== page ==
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Building the Store, Part 6: Grogan Jewelers: Save The Date

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Building the Store: Save The Date

End set, if not in sight

BY EILEEN MCCLELLAND | Published in the February 2013 issue

PART 6 OF A SERIES that will cover the construction of the new Grogan Jewelers store in Florence, AL, from initial plans to a projected spring 2013 completion.

In Nov. 28, Jay Klos finally watched the cement being poured for the slab foundation of his store. When it was dry, he held a staff meeting on the site, both for practical reasons (to go over every detail of showcase, vault, refrigerator and outlet placement) and for team building (to get the staff excited about the new location.)onstruction of the steel frame began in early December and was complete by month’s end, leaving Jay Klos with threedimensional evidence (and bragging rights) that a new store is indeed in his near future.

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It was a welcome Christmas gift that began to attract community attention, and create a buzz he hopes will continue to build.

“It’s awesome looking right now — massive,” Klos says. “It’s overwhelming. It’s two stories but it’s a tall two stories; wherever I go, people are saying the building’s looking great. They’re out there talking about it.”

January’s agenda would start with metal studs.

“Then, electricians and plumbers are ready to rock ’n’ roll,” he says. “It should go pretty quick, up to a point, then it’ll slow down again.”

Such is the pattern of new construction. So far, waiting for the steel to be made and put in place had delayed the project by at least a month.

SETTING A DATE

Klos set a completion date of April 1. In January, with just a shell in place, albeit a massive shell, he did encounter some skepticism.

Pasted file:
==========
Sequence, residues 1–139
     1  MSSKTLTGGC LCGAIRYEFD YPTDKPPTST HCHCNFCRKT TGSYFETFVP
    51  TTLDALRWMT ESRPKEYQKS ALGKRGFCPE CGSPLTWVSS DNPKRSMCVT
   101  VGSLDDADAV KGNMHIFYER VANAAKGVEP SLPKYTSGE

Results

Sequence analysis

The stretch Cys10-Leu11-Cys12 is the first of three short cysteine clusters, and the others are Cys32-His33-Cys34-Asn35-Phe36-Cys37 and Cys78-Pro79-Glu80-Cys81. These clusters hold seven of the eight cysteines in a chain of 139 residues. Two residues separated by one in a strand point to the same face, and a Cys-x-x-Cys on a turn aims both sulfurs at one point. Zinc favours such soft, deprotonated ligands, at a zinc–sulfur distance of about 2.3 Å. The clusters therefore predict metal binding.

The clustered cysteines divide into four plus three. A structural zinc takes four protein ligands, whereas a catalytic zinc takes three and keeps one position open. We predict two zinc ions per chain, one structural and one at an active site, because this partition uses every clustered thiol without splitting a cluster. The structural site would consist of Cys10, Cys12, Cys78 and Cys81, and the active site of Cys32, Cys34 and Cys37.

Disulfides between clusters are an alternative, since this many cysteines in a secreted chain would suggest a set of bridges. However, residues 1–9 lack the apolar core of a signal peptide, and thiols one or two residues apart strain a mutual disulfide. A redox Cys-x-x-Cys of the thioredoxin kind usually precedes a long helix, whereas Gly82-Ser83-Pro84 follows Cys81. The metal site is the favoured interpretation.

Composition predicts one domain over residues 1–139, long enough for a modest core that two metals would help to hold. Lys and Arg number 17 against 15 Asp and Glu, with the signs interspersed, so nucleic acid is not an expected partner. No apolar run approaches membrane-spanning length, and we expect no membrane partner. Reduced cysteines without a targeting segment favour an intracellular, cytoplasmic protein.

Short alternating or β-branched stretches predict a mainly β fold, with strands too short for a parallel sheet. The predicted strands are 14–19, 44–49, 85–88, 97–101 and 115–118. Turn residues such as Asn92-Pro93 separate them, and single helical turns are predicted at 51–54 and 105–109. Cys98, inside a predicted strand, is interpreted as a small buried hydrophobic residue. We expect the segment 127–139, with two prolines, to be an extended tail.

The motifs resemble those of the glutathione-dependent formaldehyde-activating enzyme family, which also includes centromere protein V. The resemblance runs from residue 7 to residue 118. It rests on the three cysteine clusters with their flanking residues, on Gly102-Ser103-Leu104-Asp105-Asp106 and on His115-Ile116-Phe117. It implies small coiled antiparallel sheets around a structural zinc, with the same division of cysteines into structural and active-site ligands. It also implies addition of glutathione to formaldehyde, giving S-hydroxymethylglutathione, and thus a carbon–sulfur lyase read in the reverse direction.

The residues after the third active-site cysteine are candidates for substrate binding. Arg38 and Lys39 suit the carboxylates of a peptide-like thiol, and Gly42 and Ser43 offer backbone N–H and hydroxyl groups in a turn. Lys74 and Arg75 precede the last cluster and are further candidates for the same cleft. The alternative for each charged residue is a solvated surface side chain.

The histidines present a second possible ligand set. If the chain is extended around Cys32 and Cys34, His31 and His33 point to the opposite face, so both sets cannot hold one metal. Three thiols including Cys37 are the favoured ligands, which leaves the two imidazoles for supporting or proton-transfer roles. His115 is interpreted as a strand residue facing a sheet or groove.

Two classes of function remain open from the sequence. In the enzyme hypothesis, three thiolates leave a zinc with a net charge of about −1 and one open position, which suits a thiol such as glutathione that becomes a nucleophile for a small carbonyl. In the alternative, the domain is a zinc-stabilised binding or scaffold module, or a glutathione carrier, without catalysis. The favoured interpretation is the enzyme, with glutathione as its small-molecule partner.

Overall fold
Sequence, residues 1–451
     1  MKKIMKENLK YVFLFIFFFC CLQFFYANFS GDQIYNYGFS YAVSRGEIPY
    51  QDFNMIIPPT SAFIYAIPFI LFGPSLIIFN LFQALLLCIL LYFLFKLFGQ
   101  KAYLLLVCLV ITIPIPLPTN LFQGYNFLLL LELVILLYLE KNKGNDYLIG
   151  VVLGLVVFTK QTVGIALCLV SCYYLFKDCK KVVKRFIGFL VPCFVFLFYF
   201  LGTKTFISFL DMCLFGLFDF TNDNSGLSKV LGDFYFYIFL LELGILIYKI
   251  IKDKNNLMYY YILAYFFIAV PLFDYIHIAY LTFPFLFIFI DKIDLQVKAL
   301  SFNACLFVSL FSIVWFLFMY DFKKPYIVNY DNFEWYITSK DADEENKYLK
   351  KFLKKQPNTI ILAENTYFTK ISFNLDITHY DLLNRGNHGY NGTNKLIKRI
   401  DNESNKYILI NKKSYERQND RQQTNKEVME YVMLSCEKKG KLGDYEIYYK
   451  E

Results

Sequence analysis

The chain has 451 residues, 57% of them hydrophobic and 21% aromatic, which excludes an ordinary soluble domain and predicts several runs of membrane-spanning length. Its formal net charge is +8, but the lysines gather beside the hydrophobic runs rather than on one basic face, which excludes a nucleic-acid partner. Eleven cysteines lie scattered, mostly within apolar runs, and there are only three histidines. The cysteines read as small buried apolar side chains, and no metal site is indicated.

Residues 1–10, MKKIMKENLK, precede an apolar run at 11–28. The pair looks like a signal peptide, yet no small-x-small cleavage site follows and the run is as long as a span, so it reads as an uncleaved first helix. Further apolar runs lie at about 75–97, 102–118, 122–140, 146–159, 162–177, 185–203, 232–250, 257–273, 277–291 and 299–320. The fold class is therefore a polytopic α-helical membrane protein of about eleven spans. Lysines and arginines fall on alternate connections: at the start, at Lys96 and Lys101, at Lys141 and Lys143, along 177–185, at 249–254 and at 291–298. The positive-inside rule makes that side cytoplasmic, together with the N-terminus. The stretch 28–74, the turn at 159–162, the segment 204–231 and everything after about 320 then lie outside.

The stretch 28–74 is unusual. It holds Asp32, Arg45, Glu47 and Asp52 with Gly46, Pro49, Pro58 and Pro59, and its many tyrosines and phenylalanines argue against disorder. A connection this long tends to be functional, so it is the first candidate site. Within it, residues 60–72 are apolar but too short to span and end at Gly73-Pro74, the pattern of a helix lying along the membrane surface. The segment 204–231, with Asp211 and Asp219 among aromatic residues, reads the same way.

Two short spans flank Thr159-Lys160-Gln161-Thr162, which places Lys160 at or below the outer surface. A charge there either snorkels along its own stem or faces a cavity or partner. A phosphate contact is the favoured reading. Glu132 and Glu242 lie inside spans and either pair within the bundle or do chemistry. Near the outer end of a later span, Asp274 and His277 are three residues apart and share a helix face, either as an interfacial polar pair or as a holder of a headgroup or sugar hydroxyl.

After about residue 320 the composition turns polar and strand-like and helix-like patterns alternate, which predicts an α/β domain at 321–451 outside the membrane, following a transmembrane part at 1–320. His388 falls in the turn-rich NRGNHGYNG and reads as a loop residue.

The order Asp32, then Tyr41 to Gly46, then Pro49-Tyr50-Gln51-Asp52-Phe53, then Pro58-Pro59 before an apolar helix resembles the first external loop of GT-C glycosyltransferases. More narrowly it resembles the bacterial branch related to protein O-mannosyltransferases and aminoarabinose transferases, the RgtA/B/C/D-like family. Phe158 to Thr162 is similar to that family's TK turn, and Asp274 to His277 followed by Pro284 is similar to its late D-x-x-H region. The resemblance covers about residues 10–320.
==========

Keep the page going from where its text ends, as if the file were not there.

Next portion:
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“When I tell people April they look at me like ‘Are you kidding me?’ I know it’s unrealistic in some respects. But if you don’t put a date on it early on, you might as well tack on an extra six weeks,” Klos says. “All these subcontractors think they have all the time in the world to finish the job, but if you give them a completion date, they have something to work toward. I’ll get a lot more done if I keep pushing that date. Otherwise, you’re wandering in the wilderness, and it gets done when it gets done.”

Still, he’d be more than pleased if the project is complete by the end of April. He’d like to open up in time for Mother’s Day, work out glitches throughout May, and be ready for a grand opening in June.

LATEST PROJECTS

Klos was preparing to meet with display contractors at the Continental Buying Group show in January, with a budget of at least $20,000 to $25,000 for in-case displays. He was also planning to buy inventory at that show, to fill those cases.

The cases themselves were half finished by Jan. 1, and Klos had picked out the laminate finishes.

His moving sale had driven Christmas sales.

“It went well, I wouldn’t say it went great, but we did a lot more business than if we had not done it,” he says.

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SPONSORED VIDEO

Wilkerson Testimonials

Retirement Made Easy with Wilkerson

The store was a landmark in Topeka, Kansas, but after 80 years in business, it was time for Briman’s Leading Jewelers to close up shop. Third generation jeweler and owner Rob Briman says the decision wasn’t easy, but the sale that followed was — all thanks to Wilkerson. Briman had decided a year prior to the summer 2020 sale that he wanted to retire. With a pandemic in full force, he had plenty of questions and concerns. “We had no real way to know if we were going to be successful or have a failure on our hands,” says Briman. “We didn’t know what to expect.” But with Wilkerson in charge, the experience was “fantastic” and now there’s plenty of time for relaxing and enjoying a more secure retirement. “I would recommend Wilkerson to any retailer considering a going-out-of-business sale,” says Briman. “They’ll help you reach your financial goal. Our experience was a tremendous success.”